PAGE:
Break the chocolate into small pieces and put them in a measuring pitcher. Place a sieve on top.

Put milk, heavy cream, sugar and egg yolks in a saucepan and mix. Heat on medium heat up to a temperature of 78 °C / 172 °F (it’s ok to go a little higher, but not more than 84 °C / 183 °F), while mixing energetically, but gently, with a spatula to prevent the egg yolk from congealing (especially at the bottom of the saucepan). The mixture will thicken a little.

Remove from heat and pour immediately through a sieve into the measuring pitcher (to get rid of egg chunks that may have hardened while cooking). Mix a little bit with a spatula and then use a hand blender to blend it to a uniform consistency. Make sure the temperature of the custard is below 32 °C / 90 °F before proceeding.

Pour the custard into the chocolate eggs and fill them up to 1 cm below the top. Keep in the freezer until set (prepare the chantilly in the meantime).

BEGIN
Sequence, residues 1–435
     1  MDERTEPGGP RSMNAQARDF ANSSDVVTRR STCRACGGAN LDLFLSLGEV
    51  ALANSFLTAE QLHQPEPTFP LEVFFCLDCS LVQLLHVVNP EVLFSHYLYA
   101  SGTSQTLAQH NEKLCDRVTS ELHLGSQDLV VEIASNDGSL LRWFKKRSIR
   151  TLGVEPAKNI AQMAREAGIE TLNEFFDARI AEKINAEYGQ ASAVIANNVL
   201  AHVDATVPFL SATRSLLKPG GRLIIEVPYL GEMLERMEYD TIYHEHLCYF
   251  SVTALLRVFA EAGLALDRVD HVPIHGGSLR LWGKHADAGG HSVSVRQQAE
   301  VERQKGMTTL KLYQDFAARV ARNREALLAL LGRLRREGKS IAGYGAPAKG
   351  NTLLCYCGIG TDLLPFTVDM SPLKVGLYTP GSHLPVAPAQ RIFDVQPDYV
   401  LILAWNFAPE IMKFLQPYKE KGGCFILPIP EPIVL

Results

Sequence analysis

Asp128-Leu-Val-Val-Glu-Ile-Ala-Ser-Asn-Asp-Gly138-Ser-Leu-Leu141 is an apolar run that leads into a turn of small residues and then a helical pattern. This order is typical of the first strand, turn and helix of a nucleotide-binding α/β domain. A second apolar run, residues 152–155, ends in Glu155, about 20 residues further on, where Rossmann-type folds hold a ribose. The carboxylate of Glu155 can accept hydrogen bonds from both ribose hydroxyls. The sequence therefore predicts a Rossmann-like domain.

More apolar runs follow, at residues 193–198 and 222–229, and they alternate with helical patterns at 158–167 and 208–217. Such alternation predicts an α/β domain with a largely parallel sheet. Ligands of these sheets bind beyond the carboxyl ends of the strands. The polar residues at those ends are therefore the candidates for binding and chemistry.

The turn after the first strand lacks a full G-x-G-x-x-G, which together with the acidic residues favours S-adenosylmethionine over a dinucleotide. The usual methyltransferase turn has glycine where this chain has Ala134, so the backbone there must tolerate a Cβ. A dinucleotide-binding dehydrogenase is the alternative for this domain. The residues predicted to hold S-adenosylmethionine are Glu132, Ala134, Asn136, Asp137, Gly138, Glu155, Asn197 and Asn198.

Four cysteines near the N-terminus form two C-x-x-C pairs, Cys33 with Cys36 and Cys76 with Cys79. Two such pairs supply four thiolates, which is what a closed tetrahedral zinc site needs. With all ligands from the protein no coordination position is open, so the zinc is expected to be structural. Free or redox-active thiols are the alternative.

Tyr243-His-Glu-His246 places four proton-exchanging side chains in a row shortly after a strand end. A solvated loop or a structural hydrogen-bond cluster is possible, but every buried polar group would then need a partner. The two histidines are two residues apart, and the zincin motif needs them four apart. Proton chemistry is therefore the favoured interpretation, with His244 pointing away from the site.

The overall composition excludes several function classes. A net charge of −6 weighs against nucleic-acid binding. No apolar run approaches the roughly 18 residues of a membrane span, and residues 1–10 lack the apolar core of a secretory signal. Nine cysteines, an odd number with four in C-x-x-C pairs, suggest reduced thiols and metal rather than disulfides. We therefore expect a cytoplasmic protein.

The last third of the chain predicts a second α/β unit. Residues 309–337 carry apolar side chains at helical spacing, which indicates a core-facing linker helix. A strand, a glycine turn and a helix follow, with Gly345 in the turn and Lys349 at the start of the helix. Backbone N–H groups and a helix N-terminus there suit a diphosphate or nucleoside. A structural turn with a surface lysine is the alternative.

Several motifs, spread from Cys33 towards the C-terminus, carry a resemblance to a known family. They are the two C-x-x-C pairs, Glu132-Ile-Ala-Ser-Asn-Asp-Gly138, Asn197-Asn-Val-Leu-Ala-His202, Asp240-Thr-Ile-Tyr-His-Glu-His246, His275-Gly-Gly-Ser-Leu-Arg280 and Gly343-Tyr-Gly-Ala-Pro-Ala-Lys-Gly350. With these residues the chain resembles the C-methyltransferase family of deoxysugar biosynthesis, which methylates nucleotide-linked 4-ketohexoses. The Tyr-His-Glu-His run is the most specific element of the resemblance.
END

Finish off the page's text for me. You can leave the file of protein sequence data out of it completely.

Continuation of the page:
Mascarpone chantilly

Put mascarpone cream, condensed milk and powdered sugar in the mixer bowl and whip well. The mixer won’t be able to bring it to a complete creamy texture. It will still be a little lumpy. To cream it, mix with a spatula and squash the lumps on the side of the mixer until uniform.

Add heavy cream and vanilla paste to the mixer. Whip until the mixture is smooth and stable. (Be careful not to over whip). Scrape the sides of the bowl now and then.

Transfer the frosting into a pastry bag fitted with a 1 cm star tip. Pipe small mounds of chantilly above the cream in each chocolate egg. Keep in the fridge up to 2-3 days. Serve with a spoon.

Chocolate Custard with mascarpone chantilly
Yum